The keyboard controls were deliberately mucked up on purpose. Wouldn’t have been nearly so crap without it.

    For your information, they aren’t caterpillars, they are centipedes, as described in the instructions.

    Not such a good review when you get stuff wrong like that! Shame on you 🙂

  2. “For your information, they aren’t caterpillars, they are centipedes, as described in the instructions.”

    You think I read the instructions? Ha!

    (whatever it’s supposed to be, it looks more like a talking blue sausage on legs than anything)

    1. To be fair, though, it’s really hard to make anything look good in only 8×8 pixels.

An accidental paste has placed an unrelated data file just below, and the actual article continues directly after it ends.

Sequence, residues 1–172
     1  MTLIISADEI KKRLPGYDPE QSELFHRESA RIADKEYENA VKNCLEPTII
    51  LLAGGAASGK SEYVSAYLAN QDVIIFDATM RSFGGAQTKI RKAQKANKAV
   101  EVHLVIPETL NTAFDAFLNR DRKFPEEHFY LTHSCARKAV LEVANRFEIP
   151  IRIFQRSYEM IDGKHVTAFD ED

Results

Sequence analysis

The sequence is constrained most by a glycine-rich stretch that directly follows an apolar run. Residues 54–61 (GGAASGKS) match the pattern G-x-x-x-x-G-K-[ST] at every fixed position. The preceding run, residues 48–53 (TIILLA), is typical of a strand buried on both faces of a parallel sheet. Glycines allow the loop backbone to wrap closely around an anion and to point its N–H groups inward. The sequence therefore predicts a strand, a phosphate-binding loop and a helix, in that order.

Still amazes me when someone designs something (like the iconic Miner Willy, for example) in such a small sprite and makes it look good.

      1. “To be fair, though, it’s really hard to make anything look good in only 8×8 pixels.”

        I see why she left you.

  3. I bet you’re glad I did shrink the screen on this one.

    Imagine how even more arduous it would have been moving you’re bee from the top left to the bottom right to collect some honey if the whole screen had been used!

  4. Not bad actually. I didn’t have time to read the instructions but I enjoyed keeping the chaotic orb of light safe from the fig wasp and the blue leg sausage, managed to collect a couple of ice chairs too.

  5. Break in to program,
    List 605
    change the keys to O P Q A
    Crank up to 14mhz
    play game, collect pots, watch the film BIG on the TV.

    Close to a winner here.